The Tulip baby sweater is a delight to knit and I see why they're addictive. In this rendition, the light peachy-pink shade has been swapped out for the Wisterous (lilac) shade. I wasn't sure how this would look at first but I quite like it now that the other colours are being added.

I did also haunt 3 yarn stores on the Island but was fairly restrained. I only bought some patterns, needles and a couple of "one off" balls of yarn. We arrived home safe and sound last night and tomorrow it's back to work. Even arriving home to a dead fridge didn't damper my spirits. It was a great trip and I feel as though I truly relaxed and found a bit of myself again. The perfect vacation!

Wednesday, August 01, 2007

Zen and the Art of Finishing

I took a seminar from Louisa Harding once and she told me she couldn't figure out how knitters could knit all the pieces to a garment and then never finish it. I understand why they do it. Because knitting is a leap of faith and as long as it's not sewn together - you can live in a dream world where the finished result will live up to your expectations. I tend to take my time with finishing and do a bit each night to make sure it's done properly. Last night I finally wove in the last end of my Bonsai Tunic and took a deep breath and tried it on.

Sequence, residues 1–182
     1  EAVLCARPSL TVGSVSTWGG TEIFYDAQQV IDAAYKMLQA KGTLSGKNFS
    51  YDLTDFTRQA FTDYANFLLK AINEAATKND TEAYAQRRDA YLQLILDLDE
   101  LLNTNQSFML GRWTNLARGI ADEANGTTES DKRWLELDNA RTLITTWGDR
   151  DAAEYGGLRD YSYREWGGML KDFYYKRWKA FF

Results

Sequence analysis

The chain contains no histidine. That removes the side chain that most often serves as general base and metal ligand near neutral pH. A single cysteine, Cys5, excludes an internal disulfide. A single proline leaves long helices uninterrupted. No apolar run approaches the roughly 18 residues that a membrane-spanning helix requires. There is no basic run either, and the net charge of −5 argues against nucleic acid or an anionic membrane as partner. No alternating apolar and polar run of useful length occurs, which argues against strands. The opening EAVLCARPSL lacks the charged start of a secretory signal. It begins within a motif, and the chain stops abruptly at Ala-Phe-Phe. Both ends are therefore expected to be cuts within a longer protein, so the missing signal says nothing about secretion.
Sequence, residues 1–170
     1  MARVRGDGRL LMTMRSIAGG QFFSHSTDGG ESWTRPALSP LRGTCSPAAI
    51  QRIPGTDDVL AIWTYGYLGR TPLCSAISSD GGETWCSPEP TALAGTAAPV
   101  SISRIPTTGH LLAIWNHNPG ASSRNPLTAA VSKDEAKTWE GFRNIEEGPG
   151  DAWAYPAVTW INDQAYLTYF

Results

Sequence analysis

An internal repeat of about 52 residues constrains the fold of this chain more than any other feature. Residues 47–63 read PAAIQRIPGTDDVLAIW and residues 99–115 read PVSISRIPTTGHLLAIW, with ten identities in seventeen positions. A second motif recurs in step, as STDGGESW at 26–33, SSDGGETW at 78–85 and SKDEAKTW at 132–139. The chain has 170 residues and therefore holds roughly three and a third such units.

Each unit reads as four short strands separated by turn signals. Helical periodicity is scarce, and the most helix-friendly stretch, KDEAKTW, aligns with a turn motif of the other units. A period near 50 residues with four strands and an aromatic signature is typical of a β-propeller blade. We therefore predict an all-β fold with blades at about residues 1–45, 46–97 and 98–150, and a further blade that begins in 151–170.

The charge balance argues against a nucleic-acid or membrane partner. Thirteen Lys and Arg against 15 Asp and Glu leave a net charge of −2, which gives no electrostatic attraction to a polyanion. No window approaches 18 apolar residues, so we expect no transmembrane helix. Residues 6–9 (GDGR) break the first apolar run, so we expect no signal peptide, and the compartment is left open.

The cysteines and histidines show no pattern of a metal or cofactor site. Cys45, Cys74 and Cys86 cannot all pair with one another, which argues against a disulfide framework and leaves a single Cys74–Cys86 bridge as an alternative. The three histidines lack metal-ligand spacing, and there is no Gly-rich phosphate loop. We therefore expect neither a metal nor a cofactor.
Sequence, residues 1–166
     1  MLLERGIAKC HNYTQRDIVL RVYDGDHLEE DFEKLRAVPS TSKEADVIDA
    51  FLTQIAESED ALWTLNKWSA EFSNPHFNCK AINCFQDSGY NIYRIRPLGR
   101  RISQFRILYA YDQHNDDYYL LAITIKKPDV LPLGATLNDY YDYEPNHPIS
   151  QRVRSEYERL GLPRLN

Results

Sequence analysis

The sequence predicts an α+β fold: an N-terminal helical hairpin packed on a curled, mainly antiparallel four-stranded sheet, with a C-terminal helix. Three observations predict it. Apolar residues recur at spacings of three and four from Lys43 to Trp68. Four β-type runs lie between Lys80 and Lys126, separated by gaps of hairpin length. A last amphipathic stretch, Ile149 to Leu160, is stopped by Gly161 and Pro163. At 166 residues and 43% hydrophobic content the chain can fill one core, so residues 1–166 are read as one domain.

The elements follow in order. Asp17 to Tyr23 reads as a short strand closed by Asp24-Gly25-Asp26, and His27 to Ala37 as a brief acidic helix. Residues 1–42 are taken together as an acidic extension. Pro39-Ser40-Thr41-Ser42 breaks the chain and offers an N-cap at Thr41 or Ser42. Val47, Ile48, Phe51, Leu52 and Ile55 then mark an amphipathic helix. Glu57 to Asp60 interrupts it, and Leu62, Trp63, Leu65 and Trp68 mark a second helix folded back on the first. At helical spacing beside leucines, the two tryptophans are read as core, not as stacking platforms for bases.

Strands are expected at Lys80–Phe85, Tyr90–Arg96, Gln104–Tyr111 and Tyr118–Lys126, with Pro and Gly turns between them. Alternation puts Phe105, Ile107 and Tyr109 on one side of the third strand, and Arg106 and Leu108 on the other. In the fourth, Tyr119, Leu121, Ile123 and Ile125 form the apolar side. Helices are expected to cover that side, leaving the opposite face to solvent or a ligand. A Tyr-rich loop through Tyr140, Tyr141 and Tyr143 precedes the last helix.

I'm very happy with it.

I recruited my husband and son to take some shots this evening so here are the various angles to try and show the lovely stitch pattern. The gory details are as follows:

Pattern: Bonsai Tunic Interweave Knits Spring 2007
Designer: Norah Gaughan (my hero)
Yarn: Berroco Bonsai 97% bamboo and 3% nylon
Yardage: 77 yards to 50g (this is heavy stuff)
Colour: Shade#4149 Satsuki Green
Size: 34" bust (this is drapey yarn and it stretched about 2")
Used: 8 skeins (calls for 9)
I had to rip out the first attempt after getting all the way to the waist because it was draping too much and would have been too big.

The pattern is well written and the construction is really cool. I was completely engaged through the whole project and never had that "are we there yet?" feeling. This was my first completed Norah Gaughan and it won't be my last. I'll be wearing it to work tomorrow!